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Tests & Procedures



Thyroid Stimulating Hormone

Thyroid Stimulating Hormone

Does this test have other names?

TSH,  thyrotropin test

What is this test?

This is a blood test that measures your level of thyroid stimulating hormone (TSH). Health care providers use this test to diagnose problems affecting the thyroid.

Your thyroid is a butterfly-shaped gland located near the base of your throat above your collarbones. The thyroid makes two hormones, T3 and T4, that affect your energy levels, mood, weight, and other important parts of your health.

The pituitary gland in your brain makes a chemical called TSH, which triggers your thyroid to make T3 and T4. When your pituitary gland produces too much or too little TSH, this can cause your thyroid to be overactive (hyperthyroidism) or underactive (hypothyroidism). 

Why do I need this test?

You may need this test if you have symptoms of thyroid problems.

Symptoms of hyperthyroidism include:

  • Anxiety

  • Irritability

  • Weakness in the arms and legs

  • Insomnia

  • Hand tremors

  • Sweating

  • Low tolerance for heat

  • Irregular heartbeat

  • Fatigue

  • Unexplained weight loss

  • More frequent bowel movements than usual

  • Eye irritation or bulging eyes, which are symptoms of Graves' disease, a common cause of hyperthyroidism

  • Menstrual irregularity

  • Enlarged breasts and erectile dysfunction in men

Symptoms of hypothyroidism include:

  • Fatigue

  • Low tolerance for cold

  • Weight gain

  • Hair loss

  • Eye swelling

  • Slower heart rate

  • Shortness of breath

  • Constipation

  • Menstrual irregularity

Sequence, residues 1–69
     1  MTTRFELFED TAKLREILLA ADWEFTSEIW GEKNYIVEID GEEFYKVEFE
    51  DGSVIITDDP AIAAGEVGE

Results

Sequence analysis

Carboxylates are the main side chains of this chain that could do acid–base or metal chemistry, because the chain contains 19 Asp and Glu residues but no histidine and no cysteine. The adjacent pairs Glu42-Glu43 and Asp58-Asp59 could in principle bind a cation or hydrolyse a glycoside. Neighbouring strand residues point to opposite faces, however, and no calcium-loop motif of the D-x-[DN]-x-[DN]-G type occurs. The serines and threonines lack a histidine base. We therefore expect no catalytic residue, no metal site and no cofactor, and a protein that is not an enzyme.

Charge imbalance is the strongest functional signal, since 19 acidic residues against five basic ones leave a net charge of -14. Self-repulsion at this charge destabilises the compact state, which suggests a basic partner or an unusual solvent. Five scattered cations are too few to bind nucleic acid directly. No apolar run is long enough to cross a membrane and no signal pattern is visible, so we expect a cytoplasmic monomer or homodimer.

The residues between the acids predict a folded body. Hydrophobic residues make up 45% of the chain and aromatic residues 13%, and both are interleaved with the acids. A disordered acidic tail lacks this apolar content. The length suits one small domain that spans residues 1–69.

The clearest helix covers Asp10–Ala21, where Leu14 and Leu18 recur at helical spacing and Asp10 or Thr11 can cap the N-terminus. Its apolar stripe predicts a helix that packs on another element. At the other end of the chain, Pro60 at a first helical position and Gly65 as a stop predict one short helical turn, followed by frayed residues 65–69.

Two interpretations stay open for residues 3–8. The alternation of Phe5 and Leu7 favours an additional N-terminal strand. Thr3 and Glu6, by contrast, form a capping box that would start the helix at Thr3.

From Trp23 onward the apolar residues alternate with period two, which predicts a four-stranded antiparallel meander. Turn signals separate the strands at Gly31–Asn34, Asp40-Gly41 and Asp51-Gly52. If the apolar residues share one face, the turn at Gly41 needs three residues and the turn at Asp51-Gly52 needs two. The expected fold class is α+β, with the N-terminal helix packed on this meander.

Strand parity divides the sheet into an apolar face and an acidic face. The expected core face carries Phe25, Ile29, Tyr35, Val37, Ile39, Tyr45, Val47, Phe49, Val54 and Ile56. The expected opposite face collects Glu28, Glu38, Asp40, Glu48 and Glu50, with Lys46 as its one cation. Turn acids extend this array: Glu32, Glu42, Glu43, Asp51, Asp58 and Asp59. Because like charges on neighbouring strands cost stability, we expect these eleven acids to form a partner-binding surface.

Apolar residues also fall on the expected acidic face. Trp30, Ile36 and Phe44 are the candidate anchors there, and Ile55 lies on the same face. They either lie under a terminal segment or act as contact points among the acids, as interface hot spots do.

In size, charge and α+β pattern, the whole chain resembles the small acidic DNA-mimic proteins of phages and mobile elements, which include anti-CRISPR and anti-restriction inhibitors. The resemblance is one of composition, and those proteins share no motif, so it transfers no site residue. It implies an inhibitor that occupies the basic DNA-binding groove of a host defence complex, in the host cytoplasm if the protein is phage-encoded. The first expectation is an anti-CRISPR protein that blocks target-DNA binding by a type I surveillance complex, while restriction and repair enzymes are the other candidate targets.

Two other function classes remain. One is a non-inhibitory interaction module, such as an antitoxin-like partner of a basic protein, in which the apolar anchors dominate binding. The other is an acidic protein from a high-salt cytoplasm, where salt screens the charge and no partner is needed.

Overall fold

• Loss of consciousness, although this is rare

Health care providers may also check TSH levels when diagnosing depression and dementia. 

What other tests might I have along with this test?

In addition to T4, you may have other tests of thyroid-related substances, including:

  • T4

  • Free T4

  • T3

  • Free T3

  • Thyroglobulin, which helps produce and store thyroid hormones

  • TSH receptor-stimulator antibodies, which is used to diagnose Graves' disease

  • Thyroid antiperoxidase antibodies and thyroglobulin antibodies, which are used to diagnose a condition called Hashimoto's thyroiditis

What do my test results mean?

Many things may affect your lab test results. These include the method each lab uses to do the test. Even if your test results are different from the normal value, you may not have a problem. To learn what the results mean for you, talk with your health care provider.

The normal range for TSH varies by lab, but the usual range is 2 to 11 microunits per milliliter (mU/mL).

Low TSH may mean you have hyperthyroidism, and high TSH can mean hypothyroidism. The results of other thyroid tests can help to determine the cause. 

How is this test done?

The test requires a blood sample, which is drawn through a needle from a vein in your arm.

Does this test pose any risks?

Taking a blood sample with a needle carries risks that include bleeding, infection, bruising, or feeling dizzy. When the needle pricks your arm, you may feel a slight stinging sensation or pain. Afterward, the site may be slightly sore. 

What might affect my test results?

Some medications keep the pituitary gland from releasing TSH. These include:

  • Phenothiazines

  • Phenytoin

  • Dopamine

  • Glucocorticoids

Other drugs that can affect thyroid tests include:

  • Beta blockers

  • Dexamethasone

  • Enoxaparin

  • Furosemide

  • Heparin

  • NSAIDs

  • Salicylates

How do I get ready for this test?

Tell your doctor if you're taking medication. Certain medications can affect thyroid test results.

Be sure your doctor knows about all medicines, herbs, vitamins, and supplements you are taking. This includes medicines that don't need a prescription and any illicit drugs you may use. 

 
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